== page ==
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and radio, these guys are still famous. it is just that small sliver of the where, they were in pacific northwest, and playing a sport you could only write about. they were lost. was the co-championship almost an impact, more on the times. i'm not sure we touched on that. i did a little with bernie morris. it is 1919, the teams are back and intact. game four at that time is considered the greatest hockey game ever played, double-overtime game, zero-zero time, players start collapsing on the ice at the end, nobody knows what's going on, they just think they are exhausted. then they come back and have to replay by those rules, the goingolitans are up 4-1
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into the third, and they never lose late. this is the only game they lose late. lateanadiens score three goals to tied in overtime, another overtime, the canadiens end up winning because two metropolitans players are injured in a third collapses on the ice spirit the best scorer is ine metropolitans prison and not playing, and the canadiens win the metropolitans outscored them by 10 goals, and the series. and they wake up the next morning and players have to be hospitalized, the canadiens can't play because they can't form a team and put a player on the ice, and the metropolitans won't accept it. and the health department comes in at just the series down. rob: nowadays, you have star athletes that do well. but for a long time athletes
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didn't make much money, they had jobs in the off-season. can you talk about that? they: they are well-paid, make more than the average person, but certainly not life-changing money. frank worked in the pike place market, his future wife, her family owned the butcher shop there. he worked in the butcher shop. pete muldoon the head coach owned all the concession stands at the zoo in seattle, and that would've the bigger parks, and he employed a lot of the players. a lot of them are farmers, they would go back to their farms. a lot of them had sporting goods stores and things like that. one of the canadiens players was the highest-paid athlete of that made morety cobb money than he did in a season, baseball weight 140 four games than at hockey play 24.
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nt made $1500 for the year -- and he made $1500 for the year. most proud of,ou of all the work and effort that went into telling this story? kevin: good question, i don't think of ever thought about that part of it. i didn't do it for any of those reasons. i feltend of the day, like i would be upset if people forgot about a championship that i was a part of, and as much as anything, just feeling the need to advocate for these guys that accomplished something special. i don't think i necessarily feel a sense of pride, maybe i will figure out to write the book, and in the process, i realized it was something i was just as passionate about as baseball, i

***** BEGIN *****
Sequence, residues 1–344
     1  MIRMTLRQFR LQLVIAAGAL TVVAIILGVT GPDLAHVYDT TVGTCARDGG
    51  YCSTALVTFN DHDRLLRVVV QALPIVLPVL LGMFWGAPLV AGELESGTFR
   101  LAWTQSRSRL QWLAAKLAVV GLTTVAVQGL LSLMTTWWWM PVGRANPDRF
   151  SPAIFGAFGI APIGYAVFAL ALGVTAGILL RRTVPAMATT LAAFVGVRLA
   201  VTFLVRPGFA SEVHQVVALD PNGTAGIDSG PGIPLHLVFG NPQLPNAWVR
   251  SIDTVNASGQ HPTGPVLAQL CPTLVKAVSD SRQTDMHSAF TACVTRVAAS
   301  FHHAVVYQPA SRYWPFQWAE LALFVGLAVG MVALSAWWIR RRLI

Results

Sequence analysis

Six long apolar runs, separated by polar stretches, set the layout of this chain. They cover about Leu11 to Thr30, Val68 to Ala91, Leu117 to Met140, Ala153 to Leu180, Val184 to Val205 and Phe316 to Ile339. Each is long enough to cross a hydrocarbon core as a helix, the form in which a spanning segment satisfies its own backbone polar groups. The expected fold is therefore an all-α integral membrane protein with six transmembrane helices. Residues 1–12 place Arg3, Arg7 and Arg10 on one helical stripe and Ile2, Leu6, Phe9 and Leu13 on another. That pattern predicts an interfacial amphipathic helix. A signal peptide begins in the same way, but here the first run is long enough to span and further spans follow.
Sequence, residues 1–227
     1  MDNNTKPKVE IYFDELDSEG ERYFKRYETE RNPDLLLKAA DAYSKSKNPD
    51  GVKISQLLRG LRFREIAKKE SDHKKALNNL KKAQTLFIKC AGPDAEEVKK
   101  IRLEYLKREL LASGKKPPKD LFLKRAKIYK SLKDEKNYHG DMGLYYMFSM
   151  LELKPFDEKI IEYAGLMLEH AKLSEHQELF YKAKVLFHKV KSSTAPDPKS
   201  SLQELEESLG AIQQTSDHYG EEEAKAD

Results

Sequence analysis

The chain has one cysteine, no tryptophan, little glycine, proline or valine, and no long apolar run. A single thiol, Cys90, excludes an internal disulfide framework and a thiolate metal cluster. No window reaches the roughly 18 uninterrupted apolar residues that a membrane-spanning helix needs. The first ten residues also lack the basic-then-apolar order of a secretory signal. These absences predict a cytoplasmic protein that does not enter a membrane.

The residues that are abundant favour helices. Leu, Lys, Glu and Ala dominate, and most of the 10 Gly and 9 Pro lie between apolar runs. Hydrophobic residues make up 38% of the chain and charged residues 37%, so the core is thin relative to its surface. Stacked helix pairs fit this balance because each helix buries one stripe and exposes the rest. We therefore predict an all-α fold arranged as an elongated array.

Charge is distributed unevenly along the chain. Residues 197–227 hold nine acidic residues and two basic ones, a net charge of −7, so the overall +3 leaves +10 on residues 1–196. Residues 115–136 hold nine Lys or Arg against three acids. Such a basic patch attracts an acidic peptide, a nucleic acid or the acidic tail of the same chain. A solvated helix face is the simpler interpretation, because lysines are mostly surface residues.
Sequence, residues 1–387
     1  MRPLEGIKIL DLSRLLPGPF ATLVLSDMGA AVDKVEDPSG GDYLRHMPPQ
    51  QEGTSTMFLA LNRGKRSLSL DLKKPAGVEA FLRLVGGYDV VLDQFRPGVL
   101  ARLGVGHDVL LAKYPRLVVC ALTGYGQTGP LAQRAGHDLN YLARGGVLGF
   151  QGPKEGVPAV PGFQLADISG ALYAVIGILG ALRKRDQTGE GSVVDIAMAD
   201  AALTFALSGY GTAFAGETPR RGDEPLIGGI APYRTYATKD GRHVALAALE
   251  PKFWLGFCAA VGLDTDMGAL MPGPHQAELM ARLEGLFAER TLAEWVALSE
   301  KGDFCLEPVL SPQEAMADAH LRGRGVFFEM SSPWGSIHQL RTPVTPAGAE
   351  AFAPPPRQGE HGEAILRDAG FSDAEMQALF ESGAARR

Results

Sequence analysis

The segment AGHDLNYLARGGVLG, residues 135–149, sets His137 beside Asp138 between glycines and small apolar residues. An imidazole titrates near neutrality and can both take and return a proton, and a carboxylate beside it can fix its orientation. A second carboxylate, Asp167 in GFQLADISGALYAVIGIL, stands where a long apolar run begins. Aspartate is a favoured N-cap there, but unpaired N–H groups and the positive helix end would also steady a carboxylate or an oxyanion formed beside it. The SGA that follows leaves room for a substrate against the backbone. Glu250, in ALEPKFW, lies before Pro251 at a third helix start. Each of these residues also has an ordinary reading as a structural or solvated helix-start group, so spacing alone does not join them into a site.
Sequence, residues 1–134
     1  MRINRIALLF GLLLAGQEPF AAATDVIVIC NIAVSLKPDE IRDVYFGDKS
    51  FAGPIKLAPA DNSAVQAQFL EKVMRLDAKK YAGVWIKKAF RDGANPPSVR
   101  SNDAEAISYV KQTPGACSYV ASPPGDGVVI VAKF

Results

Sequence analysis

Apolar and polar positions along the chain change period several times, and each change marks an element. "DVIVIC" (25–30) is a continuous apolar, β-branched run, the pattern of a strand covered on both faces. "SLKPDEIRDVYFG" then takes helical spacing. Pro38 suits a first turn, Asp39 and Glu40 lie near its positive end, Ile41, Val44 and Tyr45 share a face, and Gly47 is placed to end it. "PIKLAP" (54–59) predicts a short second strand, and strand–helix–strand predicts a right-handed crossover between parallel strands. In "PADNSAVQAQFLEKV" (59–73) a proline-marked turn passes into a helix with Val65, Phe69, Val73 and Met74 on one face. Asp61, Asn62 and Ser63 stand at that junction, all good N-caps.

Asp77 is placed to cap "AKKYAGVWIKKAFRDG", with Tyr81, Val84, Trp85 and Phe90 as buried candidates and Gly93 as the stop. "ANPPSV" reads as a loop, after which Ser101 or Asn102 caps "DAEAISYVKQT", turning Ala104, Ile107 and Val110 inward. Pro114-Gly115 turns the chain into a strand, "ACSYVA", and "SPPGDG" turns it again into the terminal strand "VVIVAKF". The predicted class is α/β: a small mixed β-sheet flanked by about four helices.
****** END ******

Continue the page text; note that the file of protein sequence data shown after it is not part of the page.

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love to write and it is a threat throughout everything i have ever done without realizing it. this story isod getting out and people are and thatthe story, these incredible men and this time are getting some justice. and with the 100th anniversary of the armistice signed, a lot of stories have come out about the war. not to go off on a tangent, but my great-grandfather was a soldier in world war i and was in his late 80's when i knew him , was very slow walking, slow always seemedt like such a different time to me. my grandfather fought in world war ii and was so vibrant, and from whatever weird bias i had, i just saw this as a completely different time that i couldn't relate to.
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that is what i am most proud of, being able to, in my own little, weird way, breathe humanity back into this time period, and hopefully get people who wouldn't otherwise be interested in the topic understand what a massive impact the war had on society. event we needble to learn about and understand. i certainly learned a lot about it and loved it. three set this probably times today, i had a completely different idea in my head about what sports did. rob: you did a great job articulating that, because we think in black-and-white and sometimes think our grandparents, we know them in our -- them in their later years, but you bring these guys to life in their prime, when they are winning the championship. kevin: another great way is to see the tank come out of the
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trench and turned to color, that is what like this process was like to me, choppy black-and-white footage that i couldn't relate to and then it became vivid color where i could see people walking on the streets and see them in the and its and on the ice, was a very vivid picture in my head, and it was well worth it. certainly. ,ob: talking about the trenches the fundraiser that was held where churches were simulating, can you talk about that? kevin: interesting anecdote. the librarian at the university of washington library that found the bernie morris document sent december, 1917 after the mets had one championship. they turned the ice arena into a for thes a fundraiser war effort, and they created the trenches so people could come in